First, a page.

On 3 and 4 June 2009, the Flight Simulation Group (FSG) of the Royal Aeronautical Society organized and ran a conference entitled Flight Simulation – Towards the Edge of the Envelope. The conference subject was related to a growing need to address aviation safety issues through better training and simulation beyond what is currently covered in ﬂight and in ground-based ﬂight simulators.
The conference identiﬁed the need to improve aircraft upset training, the shortcomings in basic education and readiness of commercial pilots in reacting to upsets, and the technical challenges of upset training. As a result of the conference, the RAeS FSG was requested to form a Committee to explore the formation of an International Working Group (IWG) to identify follow-on steps and to invite participation from other interested parties. This Working group has been named as the International Committee for Aviation Training in Extended Envelopes (ICATEE). This Download: ICATEE Master Plan – Draft 25 July 2009 document outlines the objectives of the Committee and the resulting Working Group.
In Section 1, the industry needs are deﬁned and the scope of the Committee is also explained. The ICATEE Working Group objectives are deﬁned in Section 2, and the participants expected are described in Section 3. The Working Group’s Activities, Deliverables, Organization and Execution are given in Sections 4, 5 and 6, respectively, and Conculsions and Action Items are listed in Section 7.
Industry Needs and the ICATEE
The contribution of upset-related incidents to aviation safety is signiﬁcant. Of all the hull losses during 2009, approximately 33 percent of these can be attributed to upsets or related causes. There is no single root cause to this problem – it can be attributed to human error, systemic error, or atmospheric conditions. Regardless of the cause, the last stop is always the ﬂight crew who are confronted with a situation for which critical decisions must be made very quickly. This decision may also include no intervention, allowing the automated systems to maintain control.Concepts have been proposed for better training of crews to ﬁrstly identify upsets and, secondly, to deal with them well after they have been encountered. The former is well supported within the current training framework as training systems and processes are able to provide reasonable information to the candidate on the entry approaching the upset. Beyond the initial stages of an upset, the results can be hugely varied due to non-linear aircraft dynamics, the dynamic forces that could be encountered by the pilot, and the non- linear response of the aircraft itself. It is this lack of determinism that makes it challenging to deﬁne, develop and to qualify adequate training solutions for upsets.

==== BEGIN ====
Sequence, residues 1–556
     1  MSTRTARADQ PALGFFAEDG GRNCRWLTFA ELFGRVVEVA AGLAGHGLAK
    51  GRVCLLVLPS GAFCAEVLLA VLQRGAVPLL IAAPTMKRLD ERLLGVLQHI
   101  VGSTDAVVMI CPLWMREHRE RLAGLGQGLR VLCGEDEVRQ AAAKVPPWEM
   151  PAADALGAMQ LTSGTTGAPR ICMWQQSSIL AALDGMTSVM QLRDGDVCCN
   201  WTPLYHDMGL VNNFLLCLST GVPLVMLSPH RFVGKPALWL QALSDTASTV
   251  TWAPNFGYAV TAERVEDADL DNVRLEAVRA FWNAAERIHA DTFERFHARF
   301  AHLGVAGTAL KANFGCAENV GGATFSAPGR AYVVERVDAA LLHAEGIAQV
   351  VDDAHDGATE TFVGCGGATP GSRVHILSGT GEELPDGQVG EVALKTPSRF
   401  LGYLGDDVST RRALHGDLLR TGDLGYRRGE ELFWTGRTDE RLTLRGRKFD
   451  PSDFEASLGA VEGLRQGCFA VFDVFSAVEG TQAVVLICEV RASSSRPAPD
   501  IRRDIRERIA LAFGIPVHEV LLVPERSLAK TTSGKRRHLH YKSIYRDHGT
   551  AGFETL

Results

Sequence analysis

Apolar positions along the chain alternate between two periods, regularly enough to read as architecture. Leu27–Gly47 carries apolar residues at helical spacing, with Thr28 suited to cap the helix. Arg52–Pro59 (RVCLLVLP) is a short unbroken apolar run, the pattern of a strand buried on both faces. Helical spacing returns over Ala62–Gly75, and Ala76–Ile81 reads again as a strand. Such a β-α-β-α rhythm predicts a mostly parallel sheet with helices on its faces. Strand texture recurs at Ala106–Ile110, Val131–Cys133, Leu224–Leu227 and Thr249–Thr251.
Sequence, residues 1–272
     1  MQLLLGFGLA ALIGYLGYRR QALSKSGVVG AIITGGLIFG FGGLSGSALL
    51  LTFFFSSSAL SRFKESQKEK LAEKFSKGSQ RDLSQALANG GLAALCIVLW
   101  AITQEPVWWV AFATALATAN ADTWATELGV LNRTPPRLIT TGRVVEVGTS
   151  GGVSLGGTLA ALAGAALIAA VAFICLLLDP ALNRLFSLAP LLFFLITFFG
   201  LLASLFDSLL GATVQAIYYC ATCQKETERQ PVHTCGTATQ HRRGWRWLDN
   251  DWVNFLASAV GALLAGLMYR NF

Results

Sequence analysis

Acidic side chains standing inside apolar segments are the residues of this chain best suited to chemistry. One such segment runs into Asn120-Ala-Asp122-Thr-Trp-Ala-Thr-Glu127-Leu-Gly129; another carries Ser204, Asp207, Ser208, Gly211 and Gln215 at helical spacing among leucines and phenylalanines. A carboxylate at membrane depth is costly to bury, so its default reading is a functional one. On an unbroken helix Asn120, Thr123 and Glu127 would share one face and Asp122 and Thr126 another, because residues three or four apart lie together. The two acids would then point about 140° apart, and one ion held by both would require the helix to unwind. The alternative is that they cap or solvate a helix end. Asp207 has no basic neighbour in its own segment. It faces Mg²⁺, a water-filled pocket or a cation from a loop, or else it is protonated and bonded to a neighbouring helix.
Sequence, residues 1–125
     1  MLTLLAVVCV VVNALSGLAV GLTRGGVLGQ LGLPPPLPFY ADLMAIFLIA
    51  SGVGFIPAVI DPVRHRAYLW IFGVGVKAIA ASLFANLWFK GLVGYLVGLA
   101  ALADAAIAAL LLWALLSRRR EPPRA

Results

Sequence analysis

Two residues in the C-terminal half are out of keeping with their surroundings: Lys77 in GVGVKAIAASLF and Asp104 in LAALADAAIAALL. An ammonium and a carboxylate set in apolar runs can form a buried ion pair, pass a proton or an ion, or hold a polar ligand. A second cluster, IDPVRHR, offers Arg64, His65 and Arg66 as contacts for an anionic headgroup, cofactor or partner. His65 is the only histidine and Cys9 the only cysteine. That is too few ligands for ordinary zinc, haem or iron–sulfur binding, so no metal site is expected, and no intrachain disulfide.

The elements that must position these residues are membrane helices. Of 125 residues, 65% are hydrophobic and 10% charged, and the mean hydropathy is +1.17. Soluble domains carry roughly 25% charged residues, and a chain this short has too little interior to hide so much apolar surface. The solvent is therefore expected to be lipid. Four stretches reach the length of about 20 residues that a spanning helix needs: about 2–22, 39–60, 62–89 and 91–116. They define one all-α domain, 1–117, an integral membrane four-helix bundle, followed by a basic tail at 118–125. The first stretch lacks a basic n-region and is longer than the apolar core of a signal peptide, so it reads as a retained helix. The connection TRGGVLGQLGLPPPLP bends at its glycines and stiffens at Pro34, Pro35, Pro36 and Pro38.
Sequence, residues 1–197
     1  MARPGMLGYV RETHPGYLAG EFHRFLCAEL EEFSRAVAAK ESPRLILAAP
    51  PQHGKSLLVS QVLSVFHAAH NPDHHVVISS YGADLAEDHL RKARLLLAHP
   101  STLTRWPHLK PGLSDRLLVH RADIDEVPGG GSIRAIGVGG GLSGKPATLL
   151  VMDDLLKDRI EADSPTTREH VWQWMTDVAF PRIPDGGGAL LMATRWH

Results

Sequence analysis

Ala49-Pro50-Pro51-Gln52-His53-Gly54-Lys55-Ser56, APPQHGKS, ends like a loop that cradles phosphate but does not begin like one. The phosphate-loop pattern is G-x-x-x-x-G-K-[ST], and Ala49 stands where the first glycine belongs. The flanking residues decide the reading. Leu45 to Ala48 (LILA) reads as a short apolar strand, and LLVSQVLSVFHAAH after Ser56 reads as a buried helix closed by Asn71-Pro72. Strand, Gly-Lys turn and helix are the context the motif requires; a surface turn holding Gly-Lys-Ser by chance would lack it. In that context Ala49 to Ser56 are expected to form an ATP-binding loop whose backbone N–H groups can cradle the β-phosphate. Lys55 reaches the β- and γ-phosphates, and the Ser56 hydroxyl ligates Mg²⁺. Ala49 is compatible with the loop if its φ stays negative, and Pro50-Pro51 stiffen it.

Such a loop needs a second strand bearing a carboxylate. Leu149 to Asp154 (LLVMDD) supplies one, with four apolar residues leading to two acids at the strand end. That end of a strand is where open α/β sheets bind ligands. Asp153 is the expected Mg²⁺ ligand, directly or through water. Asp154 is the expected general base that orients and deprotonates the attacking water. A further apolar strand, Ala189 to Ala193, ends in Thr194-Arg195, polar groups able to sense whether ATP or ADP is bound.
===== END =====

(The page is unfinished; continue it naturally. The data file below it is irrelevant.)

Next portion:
There are arguments supporting current training methods even though they may be a rough approximation of some upset situations. These arguments are based on evidence that the human pilot is able to adapt to a situation if a basic level of training is provided in representative situations. Clearly, the subject has a wide scope. There is no single solution or symptom, and there can not be one approach to addressing the problem as there are cost and opportunity implications of providing a minimum level of upset recovery training for the numbers of aircrew likely to require it. Utilising the right expertise, developing a consensus on priorities, and establishing a mechanism of implementation is therefore essential. This is the chief purpose of the ICATEE …
… for more information Download: ICATEE Master Plan – Draft 25 July 2009